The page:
Readers, please enjoy this guest blog post by Diana Rajchel, author of the new Urban Magick.

Diana RajchelPagan, to a lot of people, means “nature worship.” I’ve met many who resonate with this definition, and I do see where they’re coming from. But as someone who is both Pagan and joyfully urban, I would like to take this opportunity to explain why I advocate for a more city-inclusive definition.

For those that see Pagan as an umbrella term for multiple religions, we acknowledge that some of those religions center much more around daily human life especially activities of governance and shared community. Hellenism and Nova Roma most certainly have aspects of the urban within their reconstructions; for those of us that have a less structured relationship with the divine, we tend to see the immanent as everywhere and not just in a pristine wilderness. That does not mean that those that practice urban magick ignore natural forces: Mother Nature can eat us anytime, anywhere, whenever she’s ready. We haven’t forgotten. We simply remember that the ancients also appreciated the urban communities they built.

These aspects that the ancients celebrated reflected the values of their culture. Farming and fishing cultures had gods that connected to this; cities of the dead focused on death deities, and trade cities had pantheons of trade-related deities. A famous example of this: the goddess Athena, who receives worship to this day, is a goddess of wisdom. Athena is also the patron of Athens, Greece—she is urban in spirit and nature. Modern Pagans love their nature—and honor deities like Apollo, a god of music, joyous pan-sexuality, and healing. He is both a force of nature (the sun) and carries with him many aspects developed when humans began creating intentional communities. Cities were that first protection. While certainly arts and exploration happened before cities, cities and their attached temples became part of the preservation and elevation of these practices. To this day, artists especially flock to cities—because that’s where they meet others to form their communities.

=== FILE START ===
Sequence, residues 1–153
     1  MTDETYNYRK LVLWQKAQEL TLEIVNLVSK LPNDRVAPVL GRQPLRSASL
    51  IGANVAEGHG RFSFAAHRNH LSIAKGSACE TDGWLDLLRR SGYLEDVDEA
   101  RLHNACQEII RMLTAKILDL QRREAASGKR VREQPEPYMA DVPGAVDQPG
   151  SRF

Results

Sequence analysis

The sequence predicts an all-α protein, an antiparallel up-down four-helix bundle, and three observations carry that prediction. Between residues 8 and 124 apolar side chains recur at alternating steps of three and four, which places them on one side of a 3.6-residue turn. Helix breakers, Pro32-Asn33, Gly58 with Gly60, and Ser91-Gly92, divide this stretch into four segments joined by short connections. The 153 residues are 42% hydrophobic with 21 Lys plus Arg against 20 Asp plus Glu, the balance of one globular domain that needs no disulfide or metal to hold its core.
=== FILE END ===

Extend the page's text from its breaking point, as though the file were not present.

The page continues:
This is not to say that cities, as we know them now, resemble the cities populated by ancestors of modern Pagans. The human population was smaller, and the most populated of ancient cities might barely break what counts as a mid-sized town in the modern-day. Despite smaller populations, humans packed together more, leading to serious pollution and disease issues.

While the conversations that led to such decisions are lost to history, based on what historians do know, the first cities were founded with the establishment of a temple to a god that aligned with that culture’s values. This god became the city spirit (and was sometimes also the land spirit.) The temple served as a catch-all: meeting hall, hospital, place of worship, arts center, and, with the invention of money, a bank. For many of these communities, the presence of some type of city consciousness was just a given, and temple activity fed that collective consciousness at a steady rate.

Paganism will always revere nature; nature is, after all, only ever conquered temporarily. But to honor the urban is also quite Pagan; to do so honors our ancestors and those that create our world in the here and now. The urban in no way excludes the natural.


Our thanks to Diana for her guest post! For more from Diana Rajchel, read her article “12 Mini-Spells City Witches Can Use to Ease Life in the City.”

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Written by Anna
Anna is the editor of Llewellyn's New Worlds of Body, Mind & Spirit, the Llewellyn Journal, and Llewellyn's monthly newsletters. She also blogs, tweets, and helps maintain Llewellyn's Facebook page. In her free time, Anna enjoys crossword puzzles, Jeopardy!, being a grammar geek, and spending time ...